I have loved photography since I was a teenager. I’ve enjoyed taking photos of nature, quirky items, events, friends and ministry.
There was a time when taking a group photo mean everyone would line up by height or standing next to their friends. It wasn’t unusual for someone to have their eyes closed or be looking the other way. And there were plenty of people who didn’t want their photo taken, so they would hide or cover their face.
When the roll was finished, a stop at Walgreens was necessary for one-hour processing. Flipping through the stack of photos, you hoped that you “got the shot” you wanted.
Fast forward just a few years, and our phones have become cameras. Everyone is a photographer.
Looking for Likes
Since our smartphones are always at our disposal, anyone can snap a photo any moment, anywhere with ease and clarity. Instead of running from the camera, we pose, stage and take unlimited photos. We instantly review, edit, crop and filter.
Seems perfect, right? Mix instant photos with the pervasiveness of social media, and the staging of life began. Photos previously shared only with family and friends are now made public for the world to see. And once we knew the world was looking, we took notice and adjusted.
In a recent TV interview, teens acknowledged they often take more than 50 photos to get the right picture to share; one teen admitted to taking up to 200. If their photos don’t get a significant number of “likes” in a reasonable time, they can become depressed. The reporter asked if social media is a true representation of people’s lives, and the student responded that it isn’t. Most young people have two accounts, a fake account and the one they create for show, featuring their staged lives.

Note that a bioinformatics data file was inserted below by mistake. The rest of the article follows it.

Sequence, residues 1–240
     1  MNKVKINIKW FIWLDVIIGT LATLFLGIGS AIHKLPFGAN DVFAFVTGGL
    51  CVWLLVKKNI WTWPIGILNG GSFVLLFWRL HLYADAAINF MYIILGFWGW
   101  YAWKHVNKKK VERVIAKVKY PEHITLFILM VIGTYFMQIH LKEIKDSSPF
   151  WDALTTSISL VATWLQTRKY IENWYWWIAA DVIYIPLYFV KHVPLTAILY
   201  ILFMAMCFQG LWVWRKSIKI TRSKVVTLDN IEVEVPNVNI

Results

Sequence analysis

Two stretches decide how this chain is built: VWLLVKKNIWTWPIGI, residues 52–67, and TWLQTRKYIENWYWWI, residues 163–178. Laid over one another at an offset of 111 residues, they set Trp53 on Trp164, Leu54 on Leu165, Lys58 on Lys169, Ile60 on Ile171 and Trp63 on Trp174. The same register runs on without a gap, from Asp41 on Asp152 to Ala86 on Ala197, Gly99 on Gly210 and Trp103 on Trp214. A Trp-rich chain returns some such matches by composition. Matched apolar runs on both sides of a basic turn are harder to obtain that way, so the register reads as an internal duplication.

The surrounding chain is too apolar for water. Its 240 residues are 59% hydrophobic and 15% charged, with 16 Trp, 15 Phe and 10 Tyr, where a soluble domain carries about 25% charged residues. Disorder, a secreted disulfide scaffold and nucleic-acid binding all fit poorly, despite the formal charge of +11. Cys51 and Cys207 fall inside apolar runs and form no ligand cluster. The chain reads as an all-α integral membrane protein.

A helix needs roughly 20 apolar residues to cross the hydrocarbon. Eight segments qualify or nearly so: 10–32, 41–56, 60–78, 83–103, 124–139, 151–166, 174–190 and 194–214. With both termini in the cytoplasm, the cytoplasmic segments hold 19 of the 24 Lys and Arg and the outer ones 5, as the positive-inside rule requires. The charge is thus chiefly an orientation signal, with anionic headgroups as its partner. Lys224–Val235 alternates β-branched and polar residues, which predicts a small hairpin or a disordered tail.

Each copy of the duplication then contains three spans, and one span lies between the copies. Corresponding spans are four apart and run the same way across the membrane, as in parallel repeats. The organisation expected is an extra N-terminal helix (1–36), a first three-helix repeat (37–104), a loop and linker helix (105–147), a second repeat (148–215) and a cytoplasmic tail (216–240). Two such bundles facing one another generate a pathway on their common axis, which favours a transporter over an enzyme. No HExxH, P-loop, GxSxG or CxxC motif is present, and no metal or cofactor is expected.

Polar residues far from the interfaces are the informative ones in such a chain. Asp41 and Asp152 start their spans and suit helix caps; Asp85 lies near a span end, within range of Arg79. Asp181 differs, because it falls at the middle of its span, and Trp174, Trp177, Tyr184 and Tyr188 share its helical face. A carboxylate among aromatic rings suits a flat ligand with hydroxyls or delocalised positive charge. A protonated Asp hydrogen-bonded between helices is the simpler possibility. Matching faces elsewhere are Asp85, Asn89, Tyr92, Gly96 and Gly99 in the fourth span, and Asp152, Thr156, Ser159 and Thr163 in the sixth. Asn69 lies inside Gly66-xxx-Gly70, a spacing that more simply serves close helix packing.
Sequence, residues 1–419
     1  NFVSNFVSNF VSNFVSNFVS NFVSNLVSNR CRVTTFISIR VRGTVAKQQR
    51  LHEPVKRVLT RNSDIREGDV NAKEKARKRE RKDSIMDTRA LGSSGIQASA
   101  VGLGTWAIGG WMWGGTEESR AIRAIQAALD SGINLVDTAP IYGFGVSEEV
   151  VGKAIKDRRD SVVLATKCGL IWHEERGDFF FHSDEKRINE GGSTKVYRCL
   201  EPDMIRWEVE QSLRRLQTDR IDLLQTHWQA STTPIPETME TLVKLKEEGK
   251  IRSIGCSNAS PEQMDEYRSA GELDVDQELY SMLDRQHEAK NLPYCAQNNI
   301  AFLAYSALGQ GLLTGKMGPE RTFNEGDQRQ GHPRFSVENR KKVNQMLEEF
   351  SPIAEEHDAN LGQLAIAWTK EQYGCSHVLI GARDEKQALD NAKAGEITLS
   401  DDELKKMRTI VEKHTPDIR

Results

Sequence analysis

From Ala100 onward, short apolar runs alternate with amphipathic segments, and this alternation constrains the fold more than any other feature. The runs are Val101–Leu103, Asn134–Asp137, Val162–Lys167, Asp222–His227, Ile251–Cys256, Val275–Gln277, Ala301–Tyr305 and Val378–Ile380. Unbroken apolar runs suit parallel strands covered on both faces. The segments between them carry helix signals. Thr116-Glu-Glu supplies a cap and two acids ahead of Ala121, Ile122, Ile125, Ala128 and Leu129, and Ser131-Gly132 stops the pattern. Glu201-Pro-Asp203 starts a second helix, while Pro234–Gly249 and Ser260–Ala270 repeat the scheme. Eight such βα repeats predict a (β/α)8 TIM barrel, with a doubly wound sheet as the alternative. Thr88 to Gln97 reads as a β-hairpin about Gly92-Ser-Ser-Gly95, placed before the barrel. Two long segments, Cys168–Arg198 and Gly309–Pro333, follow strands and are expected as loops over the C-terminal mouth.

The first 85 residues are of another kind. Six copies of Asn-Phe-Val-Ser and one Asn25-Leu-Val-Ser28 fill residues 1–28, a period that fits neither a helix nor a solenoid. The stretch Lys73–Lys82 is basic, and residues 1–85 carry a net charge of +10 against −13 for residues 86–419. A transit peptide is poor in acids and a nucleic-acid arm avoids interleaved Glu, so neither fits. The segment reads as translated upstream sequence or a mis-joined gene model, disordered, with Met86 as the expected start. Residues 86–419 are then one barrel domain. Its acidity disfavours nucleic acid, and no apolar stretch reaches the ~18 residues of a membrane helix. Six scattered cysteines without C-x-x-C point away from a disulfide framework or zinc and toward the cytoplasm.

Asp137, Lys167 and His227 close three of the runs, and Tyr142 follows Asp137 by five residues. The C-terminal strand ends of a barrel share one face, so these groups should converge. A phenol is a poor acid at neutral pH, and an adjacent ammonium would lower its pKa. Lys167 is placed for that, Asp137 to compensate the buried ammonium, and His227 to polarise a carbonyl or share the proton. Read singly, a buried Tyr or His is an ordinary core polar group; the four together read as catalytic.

Sharing Our Lives
What does the staging of life mean for Christ-followers? What should we show the world on our social media accounts?
In 1 Corinthians 9:19-23 Paul shares words that still ring clear today.
For though I am free from all, I have made myself a servant to all, that I might win more of them. To the Jews I became as a Jew, in order to win Jews. To those under the law I became as one under the law (though not being myself under the law) that I might win those under the law. To those outside the law I became as one outside the law (not being outside the law of God but under the law of Christ) that I might win those outside the law. To the weak I became weak, that I might win the weak. I have become all things to all people, that by all means I might save some. I do it all for the sake of the gospel, that I may share with them in its blessings.
Christ-followers today need to share their lives with those God has placed around them, and this includes using social media. But rather than presenting a staged life, cropped and filtered, we should be honest and real. We reflect the grace we have experienced through Christ when we share the joys and the struggles this side of heaven.
As we share, we face some challenges. We must communicate in a way that those who are not yet Christ-followers can understand. Sharing without pride or misrepresentation poses an ever greater task.
It is only by yielding daily to the guidance of Holy Spirit that we share our lives and the Gospel. As we share our real, unfiltered lives, may our goal be like Paul, “that by all means I might save some.”
Allyson Clark serves as Next Generation Co-Director of Youth Ministries at the Baptist Convention of New England.